I spent the next five years honing my skills as a heavy equipment operator on all types of equipment working in the five-state region of the Hi Plains — Oklahoma and Texas Panhandle, SW Kansas, SE Colorado, and NE New Mexico. Upon learning the technical skills of the trade, I took the role as a field supervisor in 2006 and handled assigned accounts for the company and oversaw day-to-day work of multiple work crews. In mid-2007, I took on the challenge of expanding operations into another sector of the U.S. and carried the role of operations manager, setting business operations and accounts.

Another door opened in 2009 and I stepped out of the contract side into a company role as a construction foreman. Hired for my skills of site stabilization and in-depth knowledge of drilling operations, I worked to bring standards for site construction up to par and worked side-by-side with state regulators to bridge the gap of perceived operations and actual. I began to acquire certifications during this time to help with wetland delineations, storm water compliance, and soils.

In 2012 I took a transfer to an acquired asset, the Permian Division, and worked my way up from a construction specialist to construction supervisor. My days consisted of planning, scheduling, bid packet reviews and awards, site inspections, and contractor management for all civil construction. 2015 brought on new challenges and reorgs within the company to help streamline business operations as the perceived bust of the industry was looming. I took over field supervisor operations for both civil and mechanical construction up until 2016 when the inevitable occurred of being laid off due to the market crash of the oil and gas industry.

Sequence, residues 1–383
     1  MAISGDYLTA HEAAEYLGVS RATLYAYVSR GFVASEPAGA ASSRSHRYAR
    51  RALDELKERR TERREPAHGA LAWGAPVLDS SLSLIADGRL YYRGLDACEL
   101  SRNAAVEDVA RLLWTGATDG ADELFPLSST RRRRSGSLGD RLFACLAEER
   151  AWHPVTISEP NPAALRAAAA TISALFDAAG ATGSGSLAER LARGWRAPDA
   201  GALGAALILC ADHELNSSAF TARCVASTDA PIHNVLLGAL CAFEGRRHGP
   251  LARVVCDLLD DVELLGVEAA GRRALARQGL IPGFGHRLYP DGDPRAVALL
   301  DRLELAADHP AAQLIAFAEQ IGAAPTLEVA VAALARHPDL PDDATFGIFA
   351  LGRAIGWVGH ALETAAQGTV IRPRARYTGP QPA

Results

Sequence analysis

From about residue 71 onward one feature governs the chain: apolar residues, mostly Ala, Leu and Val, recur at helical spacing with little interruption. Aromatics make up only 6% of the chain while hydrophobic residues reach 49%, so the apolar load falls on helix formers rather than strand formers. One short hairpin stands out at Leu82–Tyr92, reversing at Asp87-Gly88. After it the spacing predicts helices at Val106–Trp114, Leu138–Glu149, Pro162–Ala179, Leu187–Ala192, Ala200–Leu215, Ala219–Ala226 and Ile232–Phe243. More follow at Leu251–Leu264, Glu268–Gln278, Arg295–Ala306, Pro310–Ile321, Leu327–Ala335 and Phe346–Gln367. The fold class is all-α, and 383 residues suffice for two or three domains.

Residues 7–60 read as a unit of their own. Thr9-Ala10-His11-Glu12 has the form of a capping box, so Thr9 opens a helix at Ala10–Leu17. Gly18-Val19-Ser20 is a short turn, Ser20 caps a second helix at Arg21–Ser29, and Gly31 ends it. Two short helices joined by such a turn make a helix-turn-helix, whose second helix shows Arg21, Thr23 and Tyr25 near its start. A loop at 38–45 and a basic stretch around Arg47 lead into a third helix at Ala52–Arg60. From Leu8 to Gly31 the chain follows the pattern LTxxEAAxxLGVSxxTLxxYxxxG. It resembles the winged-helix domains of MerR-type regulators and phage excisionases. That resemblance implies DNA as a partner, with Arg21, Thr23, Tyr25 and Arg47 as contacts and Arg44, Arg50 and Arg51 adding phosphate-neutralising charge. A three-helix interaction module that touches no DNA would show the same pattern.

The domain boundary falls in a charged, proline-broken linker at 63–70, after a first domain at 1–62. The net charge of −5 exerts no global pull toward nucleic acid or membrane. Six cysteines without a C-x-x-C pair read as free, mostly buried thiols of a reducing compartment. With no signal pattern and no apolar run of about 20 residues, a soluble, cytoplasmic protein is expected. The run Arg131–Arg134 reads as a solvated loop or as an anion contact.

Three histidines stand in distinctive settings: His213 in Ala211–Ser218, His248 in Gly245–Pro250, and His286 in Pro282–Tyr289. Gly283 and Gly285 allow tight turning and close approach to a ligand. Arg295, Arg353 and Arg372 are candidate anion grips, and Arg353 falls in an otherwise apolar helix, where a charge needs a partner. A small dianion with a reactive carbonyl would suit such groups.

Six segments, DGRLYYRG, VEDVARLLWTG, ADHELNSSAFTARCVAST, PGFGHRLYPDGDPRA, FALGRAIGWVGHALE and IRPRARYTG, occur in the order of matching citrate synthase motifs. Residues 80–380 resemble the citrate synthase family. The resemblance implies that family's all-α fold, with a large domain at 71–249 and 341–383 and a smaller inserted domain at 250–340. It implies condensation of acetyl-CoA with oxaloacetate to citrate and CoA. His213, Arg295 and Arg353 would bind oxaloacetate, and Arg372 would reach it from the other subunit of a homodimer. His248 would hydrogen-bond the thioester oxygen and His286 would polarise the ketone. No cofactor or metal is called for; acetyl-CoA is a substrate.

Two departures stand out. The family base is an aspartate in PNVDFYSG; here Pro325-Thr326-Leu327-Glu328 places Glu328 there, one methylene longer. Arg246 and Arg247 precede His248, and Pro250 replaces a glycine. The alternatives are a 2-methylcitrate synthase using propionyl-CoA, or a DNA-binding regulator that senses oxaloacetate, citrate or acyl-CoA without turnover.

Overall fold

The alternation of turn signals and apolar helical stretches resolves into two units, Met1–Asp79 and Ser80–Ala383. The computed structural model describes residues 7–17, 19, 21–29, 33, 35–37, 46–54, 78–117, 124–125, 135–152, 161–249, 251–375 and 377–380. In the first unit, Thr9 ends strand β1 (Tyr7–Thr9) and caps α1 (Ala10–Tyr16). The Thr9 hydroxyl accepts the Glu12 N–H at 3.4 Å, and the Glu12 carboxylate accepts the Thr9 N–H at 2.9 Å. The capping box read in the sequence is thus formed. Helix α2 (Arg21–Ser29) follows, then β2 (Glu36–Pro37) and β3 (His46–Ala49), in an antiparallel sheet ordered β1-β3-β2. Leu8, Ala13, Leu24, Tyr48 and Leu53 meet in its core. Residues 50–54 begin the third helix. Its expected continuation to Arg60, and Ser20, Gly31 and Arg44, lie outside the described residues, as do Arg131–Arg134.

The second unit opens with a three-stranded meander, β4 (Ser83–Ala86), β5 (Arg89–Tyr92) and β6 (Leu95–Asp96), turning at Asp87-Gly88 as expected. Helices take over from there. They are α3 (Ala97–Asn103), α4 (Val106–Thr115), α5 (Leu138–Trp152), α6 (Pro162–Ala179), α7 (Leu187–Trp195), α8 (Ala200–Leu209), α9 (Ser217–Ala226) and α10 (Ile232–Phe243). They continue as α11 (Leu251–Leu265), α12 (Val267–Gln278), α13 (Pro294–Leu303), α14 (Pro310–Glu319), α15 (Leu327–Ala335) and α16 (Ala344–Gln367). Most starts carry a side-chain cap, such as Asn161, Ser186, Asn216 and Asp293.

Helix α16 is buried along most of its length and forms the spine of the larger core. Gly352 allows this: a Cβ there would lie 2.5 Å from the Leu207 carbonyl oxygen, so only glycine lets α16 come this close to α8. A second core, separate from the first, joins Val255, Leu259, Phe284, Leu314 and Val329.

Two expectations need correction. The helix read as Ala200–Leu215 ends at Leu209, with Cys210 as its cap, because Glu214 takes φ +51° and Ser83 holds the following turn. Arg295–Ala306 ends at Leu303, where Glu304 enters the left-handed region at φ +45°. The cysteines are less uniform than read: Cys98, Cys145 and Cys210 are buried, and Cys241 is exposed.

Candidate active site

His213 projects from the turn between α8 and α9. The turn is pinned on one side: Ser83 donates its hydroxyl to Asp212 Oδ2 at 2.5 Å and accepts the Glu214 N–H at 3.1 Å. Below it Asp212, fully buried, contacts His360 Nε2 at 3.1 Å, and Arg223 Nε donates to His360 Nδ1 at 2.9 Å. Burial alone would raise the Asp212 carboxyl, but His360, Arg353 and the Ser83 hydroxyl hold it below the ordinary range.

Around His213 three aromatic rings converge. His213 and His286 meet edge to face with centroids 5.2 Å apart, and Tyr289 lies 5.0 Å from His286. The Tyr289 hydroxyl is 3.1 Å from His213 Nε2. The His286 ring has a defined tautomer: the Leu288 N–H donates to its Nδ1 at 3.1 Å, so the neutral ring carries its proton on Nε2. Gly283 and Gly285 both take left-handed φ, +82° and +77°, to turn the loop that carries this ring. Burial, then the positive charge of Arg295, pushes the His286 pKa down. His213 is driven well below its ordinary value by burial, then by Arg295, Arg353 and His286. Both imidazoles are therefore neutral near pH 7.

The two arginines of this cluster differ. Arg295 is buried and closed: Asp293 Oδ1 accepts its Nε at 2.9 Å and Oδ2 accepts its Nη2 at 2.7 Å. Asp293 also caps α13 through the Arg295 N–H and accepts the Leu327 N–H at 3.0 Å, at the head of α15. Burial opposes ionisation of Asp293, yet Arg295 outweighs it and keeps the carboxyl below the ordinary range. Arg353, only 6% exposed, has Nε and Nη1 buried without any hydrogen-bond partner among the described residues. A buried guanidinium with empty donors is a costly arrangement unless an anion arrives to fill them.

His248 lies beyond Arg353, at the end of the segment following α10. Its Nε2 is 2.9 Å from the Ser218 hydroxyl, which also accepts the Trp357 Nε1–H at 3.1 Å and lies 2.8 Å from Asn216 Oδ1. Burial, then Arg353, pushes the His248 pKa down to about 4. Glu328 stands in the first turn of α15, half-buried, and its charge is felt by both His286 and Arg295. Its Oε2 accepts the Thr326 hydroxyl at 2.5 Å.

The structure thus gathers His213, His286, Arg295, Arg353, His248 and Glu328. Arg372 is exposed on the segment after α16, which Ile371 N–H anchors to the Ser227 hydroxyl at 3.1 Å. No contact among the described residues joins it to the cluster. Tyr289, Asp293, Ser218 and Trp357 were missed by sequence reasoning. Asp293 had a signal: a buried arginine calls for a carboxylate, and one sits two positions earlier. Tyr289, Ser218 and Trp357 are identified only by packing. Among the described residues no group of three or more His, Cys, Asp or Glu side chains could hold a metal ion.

How long did it take to complete SDSU’s program, and how many hours per week of your time?
I enrolled in the program in spring of 2016 for the summer session, taking four classes. I finalized the certificate in the fall of 2016 with the project management class for the certificate. Each class requires a different amount of time but overall averaged about 5–6 hours a week per class. Some weeks required a bit more time and some less.

How has the certificate or knowledge you gained helped in your career?
The up-to-date material allows the class to be in sync with current industry practices and standards. Doing a dive into contracts, legal, and scheduling allowed me to see things I had forgotten due to not being used regularly, while the books from each class are excellent reference tools to have as we advance in our careers. Every professional certificate is good on a résumé, as it shows the individual is continuing to learn. I have applied the certificate to my résumé as a consultant as I continue to pursue my degree to help support the skills needed to be a project manager. With having the hours required to test for the Project Management Professional Certificate through the Project Management Institute (PMI), I’m working on my Bachelor of Science in management with a concentration in project management. Upon completion of my BSM next year, I will pursue a Master of Engineering in construction engineering management.

Anything you’d like to add?
I cannot stress the importance of the benefits of leveraging professional certifications to enhance your career and guide you in your career growth.

SDSU’s College of Extended Studies offers five online Professional Certificate programs in Construction: Construction Supervision, Civil Sitework, Construction Estimating, Construction Practices, and Construction Project Management. For more information, please visit neverstoplearning.net/construction.